Ironically, I’ve found that the less I want to move, the more it helps if I do. At times when I’m struggling to be productive or feel good, getting off the couch is one of the first steps. And it makes sense that I’d experience a boost: The fresh outdoor air combined with an influx of serotonin means I get to enjoy a better quality of life for the rest of the day.


Some people, like me, prefer to walk alone. My pace is quick, and I enjoy the solitude to let my mind wander. However, you might prefer to secure an exercise buddy. Kill two birds with one stone: Check off exercise as well as social interaction during the same activity.

Anyone who owns a dog knows the joy of taking your four-legged friend out on an adventure. The dogs I’ve owned have always been around 100 pounds, so we often go on off-leash hikes that cause less strain on my arms from keeping them tethered. My German shepherd, Odie, turns 2 in January and has a lot of energy to burn. Walking and hiking allow us to explore and enjoy the great outdoors at a pace that suits us both.

The health benefits of walking are clear. Now, get out there and see for yourself!

Note: ANCA Vasculitis News is strictly a news and information website about the disease. It does not provide medical advice, diagnosis, or treatment. This content is not intended to be a substitute for professional medical advice, diagnosis, or treatment. Always seek the advice of your physician or other qualified health provider with any questions you may have regarding a medical condition. Never disregard professional medical advice or delay in seeking it because of something you have read on this website. The opinions expressed in this column are not those of ANCA Vasculitis News or its parent company, BioNews, and are intended to spark discussion about issues pertaining to ANCA vasculitis.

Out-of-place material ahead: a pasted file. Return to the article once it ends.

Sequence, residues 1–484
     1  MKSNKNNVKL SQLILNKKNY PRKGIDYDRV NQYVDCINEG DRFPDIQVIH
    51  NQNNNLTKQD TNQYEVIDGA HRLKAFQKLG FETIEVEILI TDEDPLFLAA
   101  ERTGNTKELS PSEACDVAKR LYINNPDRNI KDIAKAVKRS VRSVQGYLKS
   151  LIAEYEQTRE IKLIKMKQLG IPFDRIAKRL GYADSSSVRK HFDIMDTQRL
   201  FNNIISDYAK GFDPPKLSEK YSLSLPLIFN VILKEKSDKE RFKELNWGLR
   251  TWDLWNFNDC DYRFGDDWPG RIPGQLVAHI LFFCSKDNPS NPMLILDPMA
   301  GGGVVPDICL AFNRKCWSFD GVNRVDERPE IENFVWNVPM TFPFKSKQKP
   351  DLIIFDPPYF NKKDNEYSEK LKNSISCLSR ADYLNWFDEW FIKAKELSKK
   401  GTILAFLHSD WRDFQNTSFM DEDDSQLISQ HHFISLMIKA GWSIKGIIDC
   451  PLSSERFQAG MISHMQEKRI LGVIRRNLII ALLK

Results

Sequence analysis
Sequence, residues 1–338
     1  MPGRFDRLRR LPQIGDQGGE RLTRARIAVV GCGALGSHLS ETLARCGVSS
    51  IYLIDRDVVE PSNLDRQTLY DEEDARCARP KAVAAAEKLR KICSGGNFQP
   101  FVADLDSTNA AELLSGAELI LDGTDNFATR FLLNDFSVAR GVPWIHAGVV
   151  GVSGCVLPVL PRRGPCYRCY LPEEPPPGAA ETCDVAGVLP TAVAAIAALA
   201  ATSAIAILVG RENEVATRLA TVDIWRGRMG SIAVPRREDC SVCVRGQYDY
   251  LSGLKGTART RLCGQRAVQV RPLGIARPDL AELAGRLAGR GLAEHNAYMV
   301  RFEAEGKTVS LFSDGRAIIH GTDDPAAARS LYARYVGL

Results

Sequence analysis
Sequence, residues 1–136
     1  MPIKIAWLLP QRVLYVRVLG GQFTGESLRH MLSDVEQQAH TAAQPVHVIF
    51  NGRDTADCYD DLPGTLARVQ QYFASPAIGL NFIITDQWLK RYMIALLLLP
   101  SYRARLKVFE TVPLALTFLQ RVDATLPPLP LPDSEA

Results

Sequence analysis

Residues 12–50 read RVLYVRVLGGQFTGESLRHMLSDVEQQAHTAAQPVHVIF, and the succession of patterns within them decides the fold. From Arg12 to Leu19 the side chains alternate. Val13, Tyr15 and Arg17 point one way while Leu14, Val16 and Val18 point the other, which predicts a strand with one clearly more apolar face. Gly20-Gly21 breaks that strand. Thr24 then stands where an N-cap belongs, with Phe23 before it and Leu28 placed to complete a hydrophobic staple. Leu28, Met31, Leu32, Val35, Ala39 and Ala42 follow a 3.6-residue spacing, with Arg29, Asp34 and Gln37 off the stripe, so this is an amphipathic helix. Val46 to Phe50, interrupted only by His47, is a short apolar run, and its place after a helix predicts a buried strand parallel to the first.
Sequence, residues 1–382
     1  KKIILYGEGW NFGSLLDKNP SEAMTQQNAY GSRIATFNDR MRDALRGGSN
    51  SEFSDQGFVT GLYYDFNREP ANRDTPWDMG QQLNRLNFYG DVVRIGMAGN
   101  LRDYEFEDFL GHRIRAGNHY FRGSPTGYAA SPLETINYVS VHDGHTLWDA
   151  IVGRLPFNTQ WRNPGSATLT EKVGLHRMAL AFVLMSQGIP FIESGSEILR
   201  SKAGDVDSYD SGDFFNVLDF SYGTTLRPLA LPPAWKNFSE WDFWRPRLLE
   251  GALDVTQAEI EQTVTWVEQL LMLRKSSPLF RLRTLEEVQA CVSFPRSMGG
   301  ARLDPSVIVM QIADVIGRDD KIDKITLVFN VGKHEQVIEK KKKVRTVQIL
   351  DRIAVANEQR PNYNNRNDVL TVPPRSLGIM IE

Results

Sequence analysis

Mary Nelson avatar

Mary Nelson

Great post about benefits of walking. I too walk. I listen to audible books and this keeps my mind distracted or occupied depending upon the book. Since my GPA has dramatically curtailed my social life, I stay connected with friends my scheduling "walk-talks" where I have an hour visit with a friend via phone while I walk. Perfect way to stay connected and supported by friends AND stay healthy myself.

Judith Moll avatar

Judith Moll

Allison, I want you to know how much your posts and all you do on behalf of Vasculitias patients means to me. I am fortunate to be in remission from GPA currently, like you. But it is so valuable to know that so many of the challenges you write about are mine, too, and the strategies you find helpful are ones I either use or can try. With a rare disease like GPA, we may never meet another person who has the disease we have, but we have the connections you create and that starts to break the isolation.

Many thanks and much gratitude, Judith

Julie Garza avatar

Julie Garza

One of life’s simple pleasures for me is looking forward to your next column, Allison! I really enjoyed this one, as I am an avid walker, usually with my tiny Havanese. Sometimes she rides in her stroller (I love this because then I can go at my own pace) and sometimes a leisurely stroll with her on the leash is just the thing to relax us both.